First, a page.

Author Topic: Must a player speak up if his bet is misinterpreted and action follows?  (Read 1405 times)

MikeB

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This topic is subject of the following thread:
http://www.pokertda.com/forum/index.php?topic=1259.msg10913#msg10913

Does "Player C" have an obligation to speak up if his bet is misinterpreted? What if substantial action occurs on the mistake?

Dave Miller

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Re: Must a player speak up if his bet is misinterpreted and action follows?
« Reply #1 on: January 29, 2016, 06:49:24 PM »
I am somewhat outspoken on this topic in that other thread.

Aren't players supposed to know the rules? Aren't players who make mistakes, or merely incorrect assumptions doing so at their own risk? If a player acts upon incorrect information, why is a player who could benefit from that mistake required to say something? Isn't that the dealer's job? If the dealer fails to speak up, maybe the dealer needs to be replaced.

Oh, sure, if there is the potential of exposing a board card prematurely, or shipping a pot to the wrong player, etc., all players who recognize the error should speak up.


Must a player speak up if his bet is misinterpreted and action follows? I say no.
Superstitions are silly, childish, irrational rituals, born out of fear of the unknown.
But how much does it cost to knock on wood?

Nick C

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Re: Must a player speak up if his bet is misinterpreted and action follows?
« Reply #2 on: January 29, 2016, 10:34:52 PM »
Dave,

 Why wouldn't you speak up if you know a mistake is about to be made? 

Uniden32

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Re: Must a player speak up if his bet is misinterpreted and action follows?
« Reply #3 on: January 30, 2016, 10:13:16 AM »
Must a player speak up if his bet is misinterpreted and action follows? I say no.

I feel that a player has an obligation to protect their actions.

This includes ensuring that their bets and raises are clear and understandable.

Anytime a player decides to not adhere to this philosophy, they leave the decision up to the TD as to what their action is.  They shouldn't be surprised nor upset when they don't agree with the TD's interpretation.  They had every chance available to them to be clear as to what their action was, yet made the choice not to.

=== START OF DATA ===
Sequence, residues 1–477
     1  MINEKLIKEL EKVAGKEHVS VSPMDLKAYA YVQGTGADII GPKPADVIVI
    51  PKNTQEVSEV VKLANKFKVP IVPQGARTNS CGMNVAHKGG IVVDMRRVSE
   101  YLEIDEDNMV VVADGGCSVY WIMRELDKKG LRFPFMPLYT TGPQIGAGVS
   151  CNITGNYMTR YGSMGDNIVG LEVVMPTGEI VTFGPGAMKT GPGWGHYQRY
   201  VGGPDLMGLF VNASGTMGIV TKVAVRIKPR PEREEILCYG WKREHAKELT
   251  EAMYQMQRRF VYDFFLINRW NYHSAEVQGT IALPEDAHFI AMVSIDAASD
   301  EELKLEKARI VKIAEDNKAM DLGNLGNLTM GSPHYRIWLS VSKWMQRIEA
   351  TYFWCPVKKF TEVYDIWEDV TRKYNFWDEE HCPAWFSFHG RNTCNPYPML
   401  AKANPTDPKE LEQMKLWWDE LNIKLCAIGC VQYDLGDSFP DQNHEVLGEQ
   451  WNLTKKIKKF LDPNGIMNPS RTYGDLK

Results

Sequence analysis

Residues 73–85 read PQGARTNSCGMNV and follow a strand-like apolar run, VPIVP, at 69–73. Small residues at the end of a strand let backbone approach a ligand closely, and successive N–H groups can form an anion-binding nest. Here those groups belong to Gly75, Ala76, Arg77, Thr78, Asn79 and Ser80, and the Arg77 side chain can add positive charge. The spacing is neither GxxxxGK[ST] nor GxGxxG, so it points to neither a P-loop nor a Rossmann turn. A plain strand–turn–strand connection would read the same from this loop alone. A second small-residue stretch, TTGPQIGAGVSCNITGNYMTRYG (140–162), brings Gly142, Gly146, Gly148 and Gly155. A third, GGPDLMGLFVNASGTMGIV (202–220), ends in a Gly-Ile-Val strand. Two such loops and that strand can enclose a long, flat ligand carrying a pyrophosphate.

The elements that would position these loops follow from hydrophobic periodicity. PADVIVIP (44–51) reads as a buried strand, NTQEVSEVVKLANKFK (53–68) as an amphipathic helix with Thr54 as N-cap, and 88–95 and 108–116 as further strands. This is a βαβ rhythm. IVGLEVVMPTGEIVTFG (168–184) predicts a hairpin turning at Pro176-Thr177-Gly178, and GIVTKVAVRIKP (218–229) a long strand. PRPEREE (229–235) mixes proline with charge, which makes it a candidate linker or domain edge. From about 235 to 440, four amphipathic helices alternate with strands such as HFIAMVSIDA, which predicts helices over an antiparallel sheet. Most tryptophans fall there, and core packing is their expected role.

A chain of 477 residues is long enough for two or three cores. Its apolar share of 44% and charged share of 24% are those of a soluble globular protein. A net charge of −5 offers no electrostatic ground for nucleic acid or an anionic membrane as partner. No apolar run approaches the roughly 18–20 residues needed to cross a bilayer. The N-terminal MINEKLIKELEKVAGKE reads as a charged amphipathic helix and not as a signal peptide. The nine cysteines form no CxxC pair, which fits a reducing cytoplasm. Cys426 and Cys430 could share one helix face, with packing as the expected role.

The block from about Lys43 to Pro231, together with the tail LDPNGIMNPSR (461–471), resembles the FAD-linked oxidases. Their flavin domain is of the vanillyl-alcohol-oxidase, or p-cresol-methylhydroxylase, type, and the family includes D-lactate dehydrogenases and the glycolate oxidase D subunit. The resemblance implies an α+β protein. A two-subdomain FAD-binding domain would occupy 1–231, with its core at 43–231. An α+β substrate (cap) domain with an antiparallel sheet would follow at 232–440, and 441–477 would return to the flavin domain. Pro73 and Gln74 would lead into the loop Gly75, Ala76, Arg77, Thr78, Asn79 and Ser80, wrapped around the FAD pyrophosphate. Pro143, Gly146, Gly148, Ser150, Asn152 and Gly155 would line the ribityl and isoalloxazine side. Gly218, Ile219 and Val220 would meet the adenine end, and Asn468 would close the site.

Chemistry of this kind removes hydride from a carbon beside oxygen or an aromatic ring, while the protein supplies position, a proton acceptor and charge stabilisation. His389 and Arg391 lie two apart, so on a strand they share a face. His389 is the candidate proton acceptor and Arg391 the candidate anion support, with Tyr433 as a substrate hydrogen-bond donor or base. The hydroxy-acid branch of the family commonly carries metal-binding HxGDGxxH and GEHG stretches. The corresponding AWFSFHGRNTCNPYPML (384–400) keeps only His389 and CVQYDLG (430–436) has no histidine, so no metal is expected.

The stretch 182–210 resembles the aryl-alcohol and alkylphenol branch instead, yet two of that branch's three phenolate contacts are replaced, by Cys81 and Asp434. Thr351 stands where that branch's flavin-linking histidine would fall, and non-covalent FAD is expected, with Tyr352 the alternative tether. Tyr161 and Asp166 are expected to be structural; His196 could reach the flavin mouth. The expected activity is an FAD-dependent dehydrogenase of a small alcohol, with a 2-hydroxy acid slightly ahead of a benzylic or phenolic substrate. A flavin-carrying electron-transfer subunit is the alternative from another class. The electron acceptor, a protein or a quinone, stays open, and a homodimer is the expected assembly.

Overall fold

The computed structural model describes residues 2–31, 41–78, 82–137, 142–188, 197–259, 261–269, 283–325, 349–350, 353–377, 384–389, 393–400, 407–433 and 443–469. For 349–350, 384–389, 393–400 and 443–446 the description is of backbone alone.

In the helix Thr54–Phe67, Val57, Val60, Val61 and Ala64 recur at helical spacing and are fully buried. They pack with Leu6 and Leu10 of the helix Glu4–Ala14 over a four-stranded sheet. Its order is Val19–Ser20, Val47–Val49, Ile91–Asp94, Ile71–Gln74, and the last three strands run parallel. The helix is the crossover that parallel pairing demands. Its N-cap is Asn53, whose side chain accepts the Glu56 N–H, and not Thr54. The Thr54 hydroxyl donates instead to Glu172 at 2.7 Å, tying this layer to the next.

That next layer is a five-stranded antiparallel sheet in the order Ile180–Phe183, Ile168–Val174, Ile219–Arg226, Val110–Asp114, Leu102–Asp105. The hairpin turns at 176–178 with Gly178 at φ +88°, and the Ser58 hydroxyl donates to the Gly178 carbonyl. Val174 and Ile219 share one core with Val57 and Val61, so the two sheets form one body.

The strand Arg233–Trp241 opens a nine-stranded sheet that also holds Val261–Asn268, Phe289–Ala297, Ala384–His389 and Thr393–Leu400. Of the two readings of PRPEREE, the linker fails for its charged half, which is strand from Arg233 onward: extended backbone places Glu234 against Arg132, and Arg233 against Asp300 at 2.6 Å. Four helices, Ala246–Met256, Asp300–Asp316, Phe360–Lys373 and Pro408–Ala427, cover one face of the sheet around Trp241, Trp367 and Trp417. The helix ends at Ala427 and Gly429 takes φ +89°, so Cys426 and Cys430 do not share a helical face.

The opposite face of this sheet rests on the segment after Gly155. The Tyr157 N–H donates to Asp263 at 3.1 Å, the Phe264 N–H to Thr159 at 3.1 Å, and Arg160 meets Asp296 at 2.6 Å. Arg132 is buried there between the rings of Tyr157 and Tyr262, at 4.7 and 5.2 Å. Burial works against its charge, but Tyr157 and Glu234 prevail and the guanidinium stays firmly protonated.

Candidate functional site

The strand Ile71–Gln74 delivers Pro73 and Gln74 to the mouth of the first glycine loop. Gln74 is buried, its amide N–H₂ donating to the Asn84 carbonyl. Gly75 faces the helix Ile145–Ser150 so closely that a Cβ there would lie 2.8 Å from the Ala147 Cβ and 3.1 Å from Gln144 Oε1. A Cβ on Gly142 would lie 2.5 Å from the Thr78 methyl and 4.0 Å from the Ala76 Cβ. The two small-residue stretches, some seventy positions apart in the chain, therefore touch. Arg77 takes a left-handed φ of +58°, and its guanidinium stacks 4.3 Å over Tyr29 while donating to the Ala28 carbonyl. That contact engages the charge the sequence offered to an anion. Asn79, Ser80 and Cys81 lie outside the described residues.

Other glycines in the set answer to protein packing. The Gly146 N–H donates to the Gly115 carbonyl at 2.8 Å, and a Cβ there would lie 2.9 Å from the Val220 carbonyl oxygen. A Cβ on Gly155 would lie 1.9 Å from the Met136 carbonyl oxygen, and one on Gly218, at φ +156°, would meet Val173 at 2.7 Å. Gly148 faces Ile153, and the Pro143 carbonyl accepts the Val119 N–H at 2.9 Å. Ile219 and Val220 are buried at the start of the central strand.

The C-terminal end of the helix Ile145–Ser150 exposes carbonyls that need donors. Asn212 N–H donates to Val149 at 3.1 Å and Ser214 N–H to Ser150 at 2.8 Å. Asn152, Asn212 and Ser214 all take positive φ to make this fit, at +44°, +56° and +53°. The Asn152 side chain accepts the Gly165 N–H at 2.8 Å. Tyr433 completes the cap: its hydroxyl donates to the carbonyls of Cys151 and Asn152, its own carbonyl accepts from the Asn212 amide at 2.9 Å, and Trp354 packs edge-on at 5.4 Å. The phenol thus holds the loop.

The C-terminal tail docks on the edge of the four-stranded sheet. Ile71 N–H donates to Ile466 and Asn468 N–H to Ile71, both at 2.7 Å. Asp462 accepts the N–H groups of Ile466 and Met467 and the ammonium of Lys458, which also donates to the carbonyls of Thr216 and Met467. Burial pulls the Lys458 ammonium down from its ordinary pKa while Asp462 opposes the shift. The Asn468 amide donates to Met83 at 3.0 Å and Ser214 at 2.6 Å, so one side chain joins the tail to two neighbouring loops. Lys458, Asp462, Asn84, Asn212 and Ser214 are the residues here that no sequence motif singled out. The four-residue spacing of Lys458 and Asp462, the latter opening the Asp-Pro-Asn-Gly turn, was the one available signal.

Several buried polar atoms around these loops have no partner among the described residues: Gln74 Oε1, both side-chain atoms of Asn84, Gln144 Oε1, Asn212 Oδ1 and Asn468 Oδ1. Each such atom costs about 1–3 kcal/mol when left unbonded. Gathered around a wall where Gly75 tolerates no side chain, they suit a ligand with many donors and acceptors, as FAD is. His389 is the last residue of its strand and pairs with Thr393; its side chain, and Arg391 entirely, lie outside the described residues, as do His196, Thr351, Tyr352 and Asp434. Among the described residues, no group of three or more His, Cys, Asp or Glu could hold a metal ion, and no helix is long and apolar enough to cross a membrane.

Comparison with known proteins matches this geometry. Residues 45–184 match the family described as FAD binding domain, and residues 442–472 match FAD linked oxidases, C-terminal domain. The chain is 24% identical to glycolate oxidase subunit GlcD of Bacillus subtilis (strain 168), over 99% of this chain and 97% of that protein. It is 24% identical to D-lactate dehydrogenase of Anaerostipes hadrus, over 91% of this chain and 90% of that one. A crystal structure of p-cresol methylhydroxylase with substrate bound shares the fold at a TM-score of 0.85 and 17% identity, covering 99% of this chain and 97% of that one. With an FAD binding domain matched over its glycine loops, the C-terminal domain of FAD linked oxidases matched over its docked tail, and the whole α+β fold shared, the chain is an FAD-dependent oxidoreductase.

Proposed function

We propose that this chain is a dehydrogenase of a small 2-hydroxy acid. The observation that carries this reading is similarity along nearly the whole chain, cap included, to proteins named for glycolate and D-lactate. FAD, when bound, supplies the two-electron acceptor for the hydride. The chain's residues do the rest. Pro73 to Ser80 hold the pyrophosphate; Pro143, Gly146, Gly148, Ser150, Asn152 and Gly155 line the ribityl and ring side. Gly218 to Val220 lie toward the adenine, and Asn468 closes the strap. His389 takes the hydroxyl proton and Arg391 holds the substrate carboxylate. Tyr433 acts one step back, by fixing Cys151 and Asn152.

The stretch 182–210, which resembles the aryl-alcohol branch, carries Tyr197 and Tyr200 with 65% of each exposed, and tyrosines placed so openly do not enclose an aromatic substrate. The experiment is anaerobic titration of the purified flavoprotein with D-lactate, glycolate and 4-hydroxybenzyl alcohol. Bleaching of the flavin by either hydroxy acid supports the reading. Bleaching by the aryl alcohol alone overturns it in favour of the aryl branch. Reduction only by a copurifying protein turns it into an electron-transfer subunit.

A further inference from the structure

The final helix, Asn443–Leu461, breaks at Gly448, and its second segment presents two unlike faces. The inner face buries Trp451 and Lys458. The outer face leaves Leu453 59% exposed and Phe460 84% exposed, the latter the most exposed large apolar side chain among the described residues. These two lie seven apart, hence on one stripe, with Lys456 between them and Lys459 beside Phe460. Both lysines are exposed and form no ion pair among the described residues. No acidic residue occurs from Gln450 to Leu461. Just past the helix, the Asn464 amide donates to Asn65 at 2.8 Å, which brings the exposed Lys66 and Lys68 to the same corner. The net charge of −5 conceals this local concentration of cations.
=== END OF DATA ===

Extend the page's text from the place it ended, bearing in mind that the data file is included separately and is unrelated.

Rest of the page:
Isn't that the dealer's job? If the dealer fails to speak up, maybe the dealer needs to be replaced.

Most TDs that I know aren't the one's that are responsible for hiring/firing dealers.  We have to work with what we've been provided.

Ralph Brandt
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Isle Casino - Pompano Beach, FL
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Dave Miller

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Re: Must a player speak up if his bet is misinterpreted and action follows?
« Reply #4 on: January 30, 2016, 10:18:29 AM »
Dave,

 Why wouldn't you speak up if you know a mistake is about to be made? 
As I explained in the other thread, at least twice, speaking up only once it is my turn to act gives me a slight advantage.

In general, if a player is about to make a mistake, I want to give him that opportunity, so that I can get a better read on his intentions. Not correcting the mistake, gives me a better read on the next player, etc.

And, in a somewhat abstract way, any player who says anything while there is action pending to another player, could be violating the "don't talk about the hand during the hand" rule, and/or the "one person to a hand" rule.


Must a player speak up if his bet is misinterpreted and action follows? I say no.
I feel that a player has an obligation to protect their actions.

This includes ensuring that their bets and raises are clear and understandable.

Anytime a player decides to not adhere to this philosophy, they leave the decision up to the TD as to what their action is.  They shouldn't be surprised nor upset when they don't agree with the TD's interpretation.  They had every chance available to them to be clear as to what their action was, yet made the choice not to.
I also mentioned this in the other thread: What if the player in question didn't realize there was a mistake until the action came back to him?
Superstitions are silly, childish, irrational rituals, born out of fear of the unknown.
But how much does it cost to knock on wood?